The best scenes in The Traitor are the bizarre courtroom scenes in Rome and Palermo and Bellochio’s method of pacing the film to not only shock audiences but keep them in utter suspense.

The Traitor is sometimes difficult to watch, violent, unapologetic and cruel but ultimately at the end it is a rewarding and thought provoking film about the Italian mafia which for over the last 50 years has been mythologized by the abundance of American films on this subject.

Thankfully, The Traitor is written and directed from a uniquely Italian perspective which gives it an operatic quality and gets a film rating of 7.5 out of 10. Highly recommended viewing, but be warned this is a two and a half hour film.

Love Demands Sacrifice

Narcissus and Goldmund

Director: Stefan Ruzowitzky

Cast: Jannis Niewohner, Sabin Tambrea, Roxanne Duran, Henriette Confurius, Elisa Schlott, Emilia Schule, Georg Friedrich, Matthias Habich, Andre Hennicke

Austrian Entry for the European Film Festival 2020

This film is in German with English Subtitles.

Winner of the 2008 Oscar for Best Foreign Language Film for The Counterfeiters, Austrian director Stefan Ruzowitzky returns to the Big Screen with the film adaptation of famed 20th century German author Hermann Hesse’s medieval novel Narcissus and Goldmund which is the Austrian entry for the European Film Festival.

Set in the 14th century in medieval Germany at the time of the Black Death plague which swept Europe, Narcissus and Goldmund focuses on the homoerotic friendship of two young men in the monastery Mariabronn. Narcissus is devoted to the monastic life of prayer and soliture and aims to become an Abbott.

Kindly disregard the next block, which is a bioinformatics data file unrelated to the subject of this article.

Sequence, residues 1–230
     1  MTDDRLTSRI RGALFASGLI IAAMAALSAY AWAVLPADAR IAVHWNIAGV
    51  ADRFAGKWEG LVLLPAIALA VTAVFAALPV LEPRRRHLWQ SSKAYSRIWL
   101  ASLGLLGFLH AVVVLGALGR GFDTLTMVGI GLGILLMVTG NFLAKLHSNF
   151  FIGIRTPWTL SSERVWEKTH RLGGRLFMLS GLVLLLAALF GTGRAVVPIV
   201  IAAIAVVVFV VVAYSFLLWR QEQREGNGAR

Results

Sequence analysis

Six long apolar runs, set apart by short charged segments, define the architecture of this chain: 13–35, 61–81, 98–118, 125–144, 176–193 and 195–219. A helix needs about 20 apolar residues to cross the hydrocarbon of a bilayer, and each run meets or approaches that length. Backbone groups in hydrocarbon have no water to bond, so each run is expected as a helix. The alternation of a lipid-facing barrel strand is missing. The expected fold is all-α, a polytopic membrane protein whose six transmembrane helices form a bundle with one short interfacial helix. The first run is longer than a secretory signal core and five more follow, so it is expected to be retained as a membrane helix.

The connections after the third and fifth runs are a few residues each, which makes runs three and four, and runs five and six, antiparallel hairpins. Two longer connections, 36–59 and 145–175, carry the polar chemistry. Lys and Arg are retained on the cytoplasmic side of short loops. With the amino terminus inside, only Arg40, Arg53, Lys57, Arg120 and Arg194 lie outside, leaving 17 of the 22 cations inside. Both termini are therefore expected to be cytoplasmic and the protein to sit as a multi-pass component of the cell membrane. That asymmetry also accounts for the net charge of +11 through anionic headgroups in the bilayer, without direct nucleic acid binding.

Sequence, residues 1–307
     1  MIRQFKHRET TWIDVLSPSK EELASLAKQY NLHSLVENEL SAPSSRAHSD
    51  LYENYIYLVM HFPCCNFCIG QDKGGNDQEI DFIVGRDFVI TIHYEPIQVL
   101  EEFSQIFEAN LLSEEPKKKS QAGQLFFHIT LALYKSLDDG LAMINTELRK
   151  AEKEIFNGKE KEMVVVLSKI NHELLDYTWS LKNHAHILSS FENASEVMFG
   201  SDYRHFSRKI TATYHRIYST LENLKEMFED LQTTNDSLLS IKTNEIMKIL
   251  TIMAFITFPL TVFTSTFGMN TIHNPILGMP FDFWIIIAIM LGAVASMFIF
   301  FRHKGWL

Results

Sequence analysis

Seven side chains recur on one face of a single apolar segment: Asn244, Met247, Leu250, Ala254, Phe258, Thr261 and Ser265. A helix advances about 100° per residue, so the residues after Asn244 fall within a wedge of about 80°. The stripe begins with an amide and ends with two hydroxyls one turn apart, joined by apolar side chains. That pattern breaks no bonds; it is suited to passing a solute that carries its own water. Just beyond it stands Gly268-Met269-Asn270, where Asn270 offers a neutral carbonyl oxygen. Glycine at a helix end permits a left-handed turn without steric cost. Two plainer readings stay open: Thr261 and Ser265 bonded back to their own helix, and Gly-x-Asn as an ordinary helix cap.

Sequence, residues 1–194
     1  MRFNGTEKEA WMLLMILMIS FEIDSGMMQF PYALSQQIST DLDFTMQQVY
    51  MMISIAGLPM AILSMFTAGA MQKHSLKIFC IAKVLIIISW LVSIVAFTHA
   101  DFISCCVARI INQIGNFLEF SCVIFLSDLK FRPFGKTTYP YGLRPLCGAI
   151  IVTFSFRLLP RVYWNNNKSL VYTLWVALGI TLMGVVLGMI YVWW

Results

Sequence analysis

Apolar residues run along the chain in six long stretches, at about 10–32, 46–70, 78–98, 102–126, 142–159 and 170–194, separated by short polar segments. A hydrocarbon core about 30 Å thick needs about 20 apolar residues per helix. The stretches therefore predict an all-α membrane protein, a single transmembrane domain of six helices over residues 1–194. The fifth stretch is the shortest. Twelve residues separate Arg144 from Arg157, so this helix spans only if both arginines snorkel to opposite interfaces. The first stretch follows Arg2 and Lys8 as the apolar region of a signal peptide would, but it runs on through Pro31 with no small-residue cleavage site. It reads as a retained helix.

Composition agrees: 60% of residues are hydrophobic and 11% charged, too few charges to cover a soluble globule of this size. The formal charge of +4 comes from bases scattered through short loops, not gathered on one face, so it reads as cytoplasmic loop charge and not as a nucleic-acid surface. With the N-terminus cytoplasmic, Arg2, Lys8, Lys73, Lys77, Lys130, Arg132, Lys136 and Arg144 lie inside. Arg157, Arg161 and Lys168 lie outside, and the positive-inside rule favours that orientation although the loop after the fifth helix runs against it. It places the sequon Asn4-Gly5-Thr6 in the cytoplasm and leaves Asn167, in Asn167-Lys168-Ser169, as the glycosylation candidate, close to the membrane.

His life is upended by the arrival of the gorgeous yet adventurous Goldmund, wonderfully played by German actor Jannis Niewohner, whose blond hair and sparkling blue eyes lands him in all sorts of trouble. Narcissus is played by Romanian actor Sabin Tambrea whose portrayal of tortured love and self-flagellation is nuanced and perfect.

Unlike Narcissus who has to constantly suppress his unrequited love, Goldmund on the other hand is a drifter, who decides that the Church life is not for him and embarks on a picaresque adventure as a young and handsome man who frequently lands himself in the beds of every available German maiden.

Goldmund is duped by the German noblewoman Lydia played by Emilia Schule and is taken up by the wealthy and entitled Julia played by Elisa Schlott. Riviera star, French actress Roxanne Duran also has a brief role as a noblewoman who seduces Goldmund.

Besides his numerous romantic adventures, Goldmund also has to use his wits to survive the growing devastation of the Bubonic plague which swept through 14th Century Europe as well as surviving the rage of his numerous patrons from Furst played by Georg Friedrich and Burger played by Matthias Habich. Goldmund possesses a unique talent of creating beautiful wooden sculptures and when he returns to Narcissus for assistance, his friend commissions him to create a beautiful altar for St Catherine at the Monastery.

Haunted with eternally searching for his lost mother, Goldmund creates a ravishing wooden sculpture reflecting all the woman he has met and seduced, a religious art piece that causes controversy amidst the cloistered monks. Narcissus confronts Goldmund about his suppressed love for him, but unfortunately their social circumstances forces them to remain apart.

As the prying Lothar played by Andre Hennicke says to Narcissus, a lifetime devotion to God is a love which demands sacrifice.

Narcisssus and Goldmund is a fascinating film about male friendship in the medieval times, about two diametrically opposed characters that ultimately lean on each other to survive in a harsh and judgmental society which was completely controlled by the Church.

Gorgeously shot with some unforgettable and enlightening sequences, Narcissus and Goldmund gets a film rating of 7.5 out of 10 and is definitely worth seeing.